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Par for the course: IARC, the agency of the World Health Organization (WHO) that focuses on cancer research, has apparently faked data so that it could make the claim — in opposition to every other published paper in the world — that a commonly used weedkiller causes cancer.
This detail about the man in charge might explain what happened:
The chairman of the IARC sub-group tasked with reviewing evidence of glyphosate’s effect on laboratory animals was Charles Jameson, an American toxicologist. In testimony as part of personal-injury lawsuits against Monsanto in the United States, Jameson told lawyers for Monsanto he did not know when, why or by whom the edits had been made.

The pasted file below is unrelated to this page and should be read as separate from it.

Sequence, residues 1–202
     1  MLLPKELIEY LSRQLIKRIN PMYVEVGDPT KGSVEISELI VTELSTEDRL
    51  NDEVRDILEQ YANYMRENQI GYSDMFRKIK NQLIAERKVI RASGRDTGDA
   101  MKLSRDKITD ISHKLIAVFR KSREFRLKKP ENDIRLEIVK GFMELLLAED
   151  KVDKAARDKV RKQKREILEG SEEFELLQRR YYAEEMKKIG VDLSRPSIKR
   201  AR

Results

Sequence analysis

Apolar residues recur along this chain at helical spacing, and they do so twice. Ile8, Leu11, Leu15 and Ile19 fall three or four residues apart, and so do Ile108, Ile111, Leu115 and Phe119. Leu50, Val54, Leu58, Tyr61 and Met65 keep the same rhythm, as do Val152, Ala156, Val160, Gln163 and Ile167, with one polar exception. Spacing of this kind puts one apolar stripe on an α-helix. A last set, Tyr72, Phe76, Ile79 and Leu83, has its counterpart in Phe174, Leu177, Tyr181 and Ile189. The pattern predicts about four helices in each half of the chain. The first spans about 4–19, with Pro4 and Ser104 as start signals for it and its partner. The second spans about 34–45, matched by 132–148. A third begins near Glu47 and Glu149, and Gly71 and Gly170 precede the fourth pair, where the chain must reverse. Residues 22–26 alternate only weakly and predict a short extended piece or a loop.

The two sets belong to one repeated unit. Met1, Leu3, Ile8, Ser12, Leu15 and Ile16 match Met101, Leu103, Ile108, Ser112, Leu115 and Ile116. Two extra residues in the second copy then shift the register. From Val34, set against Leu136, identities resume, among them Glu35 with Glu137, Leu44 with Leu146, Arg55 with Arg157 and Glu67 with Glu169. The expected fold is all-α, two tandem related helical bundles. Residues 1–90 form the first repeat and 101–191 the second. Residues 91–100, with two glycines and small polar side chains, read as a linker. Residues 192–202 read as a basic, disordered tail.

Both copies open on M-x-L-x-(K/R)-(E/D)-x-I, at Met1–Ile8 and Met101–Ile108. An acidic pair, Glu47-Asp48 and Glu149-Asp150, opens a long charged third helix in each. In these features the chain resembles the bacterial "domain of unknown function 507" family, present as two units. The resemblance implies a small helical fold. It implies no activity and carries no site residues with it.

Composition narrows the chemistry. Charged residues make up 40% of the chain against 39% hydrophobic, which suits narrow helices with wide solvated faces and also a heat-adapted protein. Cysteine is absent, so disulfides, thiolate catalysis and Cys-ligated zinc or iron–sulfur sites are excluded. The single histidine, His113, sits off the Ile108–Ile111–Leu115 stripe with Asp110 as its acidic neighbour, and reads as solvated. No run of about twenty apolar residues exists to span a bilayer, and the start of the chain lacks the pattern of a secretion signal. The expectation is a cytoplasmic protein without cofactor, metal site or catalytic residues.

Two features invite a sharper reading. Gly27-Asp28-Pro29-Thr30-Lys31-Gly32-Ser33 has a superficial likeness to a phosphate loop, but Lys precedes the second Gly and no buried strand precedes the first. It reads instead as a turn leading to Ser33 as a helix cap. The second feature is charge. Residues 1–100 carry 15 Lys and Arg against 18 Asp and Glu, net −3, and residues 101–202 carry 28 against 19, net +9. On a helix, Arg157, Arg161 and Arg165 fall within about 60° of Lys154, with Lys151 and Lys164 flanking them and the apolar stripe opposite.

Monsanto is facing multiple legal claims in the U.S. from plaintiffs who allege glyphosate gave them or their loved ones cancer. Jameson is an expert witness for the plaintiffs. He did not respond to questions for this article. [emphasis mine]
If you want to read the whole ugly story, go to the second link above. This report cites numerous examples where IARC clearly fudged their reports to hide the fact that their conclusions were consistently debunked by other research.